How to Teach Tolerance to Your Children
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Ordan's capacity as a school counselor includes working with pre-K through fifth graders on the topics of tolerance and diversity. "We use two curricula for the kindergarten through fifth grader s- a workbook and an interactive program," she says. "The kids discuss certain subjects as part of this, stereotyping being one. They learn that everyone has their strengths and challenges. It's inspiring to see the children self-monitor and encourage each other to be supportive of others."
She makes a point that addresses the department store scenario mentioned above: "If a child makes an off-putting comment in public concerning another person who looks or acts differently, it is a teachable moment for the parent," Ordan explains. "I would suggest for the parent to quietly pull the child aside and address the comment, depending on how the child directed it. For example, if the person the child commented about was handicapped or overweight, the parent can ask the child how he or she would feel being in the other person's shoes and the target of certain comments. It's about creating compassion and empathy for others in order for the child to be self-reflective." She adds, "If the other person hears the child's comment, in that case it might be in order for the parent to direct the child to own up to this mistake and apologize to the person."
Danielle Sullivan, a Brooklyn mom of three children ages 18, 13, and 7, believes that empathy is a key component to instill in this process. "A child who is being made fun of is probably suffering, and I would encourage my child to reach out in some way - maybe by offering to play together or sit together at lunch. It is our duty as parents to teach our kids to be good to one another, and we must model that for our kids as well. Like Gandhi said, we have to be the change we want to see."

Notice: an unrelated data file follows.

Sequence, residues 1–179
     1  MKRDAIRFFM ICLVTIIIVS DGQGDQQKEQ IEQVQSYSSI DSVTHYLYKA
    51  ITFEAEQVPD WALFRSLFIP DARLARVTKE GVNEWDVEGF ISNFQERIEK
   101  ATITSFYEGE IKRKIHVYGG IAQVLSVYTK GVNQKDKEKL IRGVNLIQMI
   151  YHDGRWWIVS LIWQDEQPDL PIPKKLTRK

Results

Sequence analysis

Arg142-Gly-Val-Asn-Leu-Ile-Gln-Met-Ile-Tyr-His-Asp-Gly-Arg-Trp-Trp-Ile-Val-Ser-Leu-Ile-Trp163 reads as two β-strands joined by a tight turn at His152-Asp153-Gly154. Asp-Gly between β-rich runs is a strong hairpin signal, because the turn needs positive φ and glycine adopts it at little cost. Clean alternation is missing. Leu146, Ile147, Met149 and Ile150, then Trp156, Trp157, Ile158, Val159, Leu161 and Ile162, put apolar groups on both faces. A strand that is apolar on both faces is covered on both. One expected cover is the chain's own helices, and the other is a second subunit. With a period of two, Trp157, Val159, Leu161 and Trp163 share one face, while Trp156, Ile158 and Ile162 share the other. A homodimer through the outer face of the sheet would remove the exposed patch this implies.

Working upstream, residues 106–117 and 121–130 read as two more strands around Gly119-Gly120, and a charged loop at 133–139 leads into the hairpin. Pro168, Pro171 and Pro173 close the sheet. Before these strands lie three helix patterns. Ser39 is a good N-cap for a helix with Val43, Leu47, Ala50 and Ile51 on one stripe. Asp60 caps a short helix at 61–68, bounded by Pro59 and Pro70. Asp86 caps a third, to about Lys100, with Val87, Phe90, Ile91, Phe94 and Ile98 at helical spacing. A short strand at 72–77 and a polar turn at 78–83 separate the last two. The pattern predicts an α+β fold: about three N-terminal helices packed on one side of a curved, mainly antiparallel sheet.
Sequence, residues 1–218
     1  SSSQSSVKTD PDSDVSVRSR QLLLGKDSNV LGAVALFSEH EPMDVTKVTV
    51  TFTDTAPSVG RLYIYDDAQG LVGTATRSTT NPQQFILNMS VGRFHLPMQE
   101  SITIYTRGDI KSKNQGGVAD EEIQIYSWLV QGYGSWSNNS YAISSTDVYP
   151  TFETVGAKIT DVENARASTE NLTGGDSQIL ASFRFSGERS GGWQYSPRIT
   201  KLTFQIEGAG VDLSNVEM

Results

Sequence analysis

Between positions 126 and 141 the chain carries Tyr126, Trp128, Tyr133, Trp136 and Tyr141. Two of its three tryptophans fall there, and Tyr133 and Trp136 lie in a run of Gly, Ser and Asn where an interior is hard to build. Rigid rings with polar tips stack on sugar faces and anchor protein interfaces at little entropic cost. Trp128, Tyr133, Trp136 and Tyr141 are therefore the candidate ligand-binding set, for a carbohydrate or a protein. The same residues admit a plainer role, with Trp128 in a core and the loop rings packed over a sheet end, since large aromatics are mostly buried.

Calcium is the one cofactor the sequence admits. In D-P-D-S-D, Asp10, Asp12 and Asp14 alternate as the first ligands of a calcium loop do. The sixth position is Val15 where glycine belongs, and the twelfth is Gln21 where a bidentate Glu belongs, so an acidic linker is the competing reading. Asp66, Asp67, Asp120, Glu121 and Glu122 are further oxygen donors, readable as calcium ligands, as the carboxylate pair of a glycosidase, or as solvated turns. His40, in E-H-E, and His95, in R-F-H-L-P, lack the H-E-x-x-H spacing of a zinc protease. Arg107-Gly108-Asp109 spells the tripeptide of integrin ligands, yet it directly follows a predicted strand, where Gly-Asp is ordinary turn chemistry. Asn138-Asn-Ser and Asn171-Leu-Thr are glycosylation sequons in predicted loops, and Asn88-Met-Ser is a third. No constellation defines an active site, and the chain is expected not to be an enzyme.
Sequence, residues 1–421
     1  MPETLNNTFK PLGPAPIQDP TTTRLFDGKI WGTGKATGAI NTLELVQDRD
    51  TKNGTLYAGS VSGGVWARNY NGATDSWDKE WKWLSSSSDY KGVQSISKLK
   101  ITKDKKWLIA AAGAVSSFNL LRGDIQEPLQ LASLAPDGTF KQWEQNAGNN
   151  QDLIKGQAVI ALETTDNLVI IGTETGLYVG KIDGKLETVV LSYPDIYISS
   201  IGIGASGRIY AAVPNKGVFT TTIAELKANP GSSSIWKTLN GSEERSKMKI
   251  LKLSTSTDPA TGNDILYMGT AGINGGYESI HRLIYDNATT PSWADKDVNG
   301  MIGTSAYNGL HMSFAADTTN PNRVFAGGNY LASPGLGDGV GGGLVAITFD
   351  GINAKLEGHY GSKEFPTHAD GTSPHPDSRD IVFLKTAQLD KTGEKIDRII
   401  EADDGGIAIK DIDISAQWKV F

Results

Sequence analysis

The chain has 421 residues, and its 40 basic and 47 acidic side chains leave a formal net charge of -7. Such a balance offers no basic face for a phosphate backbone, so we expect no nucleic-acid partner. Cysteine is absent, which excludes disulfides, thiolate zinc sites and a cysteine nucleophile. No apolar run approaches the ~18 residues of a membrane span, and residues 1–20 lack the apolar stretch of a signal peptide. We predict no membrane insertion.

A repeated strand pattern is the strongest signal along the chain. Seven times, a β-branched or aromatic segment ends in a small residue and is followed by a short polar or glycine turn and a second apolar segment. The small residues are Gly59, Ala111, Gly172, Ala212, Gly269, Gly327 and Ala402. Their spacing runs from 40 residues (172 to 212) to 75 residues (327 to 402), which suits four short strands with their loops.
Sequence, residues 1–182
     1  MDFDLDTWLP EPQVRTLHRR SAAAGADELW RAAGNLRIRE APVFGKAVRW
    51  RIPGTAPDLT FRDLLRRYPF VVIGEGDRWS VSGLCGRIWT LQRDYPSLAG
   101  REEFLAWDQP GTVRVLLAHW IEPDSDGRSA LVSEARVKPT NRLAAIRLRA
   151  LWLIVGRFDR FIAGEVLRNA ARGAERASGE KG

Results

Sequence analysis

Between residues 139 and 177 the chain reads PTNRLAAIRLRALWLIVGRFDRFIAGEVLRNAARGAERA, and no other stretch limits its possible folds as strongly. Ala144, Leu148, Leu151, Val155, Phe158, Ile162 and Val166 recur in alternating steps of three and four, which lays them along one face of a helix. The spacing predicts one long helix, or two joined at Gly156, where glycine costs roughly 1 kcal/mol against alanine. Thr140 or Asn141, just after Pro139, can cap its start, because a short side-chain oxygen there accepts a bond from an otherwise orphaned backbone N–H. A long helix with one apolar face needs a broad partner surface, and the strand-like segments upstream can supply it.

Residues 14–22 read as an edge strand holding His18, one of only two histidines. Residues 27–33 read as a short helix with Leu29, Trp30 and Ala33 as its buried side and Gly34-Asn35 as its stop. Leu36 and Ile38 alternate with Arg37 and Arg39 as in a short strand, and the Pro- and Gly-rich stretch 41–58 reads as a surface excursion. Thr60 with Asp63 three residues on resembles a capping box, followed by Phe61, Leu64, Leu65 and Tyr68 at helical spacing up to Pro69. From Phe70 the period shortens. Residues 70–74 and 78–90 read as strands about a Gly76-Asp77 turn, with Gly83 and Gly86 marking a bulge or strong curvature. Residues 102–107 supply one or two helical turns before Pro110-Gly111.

Another mom of three, Bernadette Montalvo of Long Island, offers her take on the subject. Teaching tolerance is a high priority in her family, which includes kids ages 1, 5, and 9. "Today's children are our future, and we need to direct them to be great leaders. To do this, they need to learn to work with one another." Montalvo offers some insight, as well, based on her own personal experience: "My husband is Hispanic, and so my kids need to learn first-hand tolerance of others. Even though they are being raised American, they have relatives who speak Spanish. At first, this was odd to them, but I explained that not everyone is like them. People speak other languages, are different colors, sizes, shapes, etc. I believe that if you don't make an issue out of one's differences, kids won't either."
Of course, teaching tolerance does not mean teaching children to tolerate aberrant behavior such as bullying or maliciousness. Those actions are not in keeping with the true spirit of tolerance, which is acceptance of people who are different and treating them with kindness. It is important to remember that just as intolerance is learned, so is tolerance. To again quote Gandhi, "We have to be the change we want to see" to help that along for the next generation.
Also see: Books that Teach Children About Diversity and Tolerance
How to Raise a Generous and Appreciative Child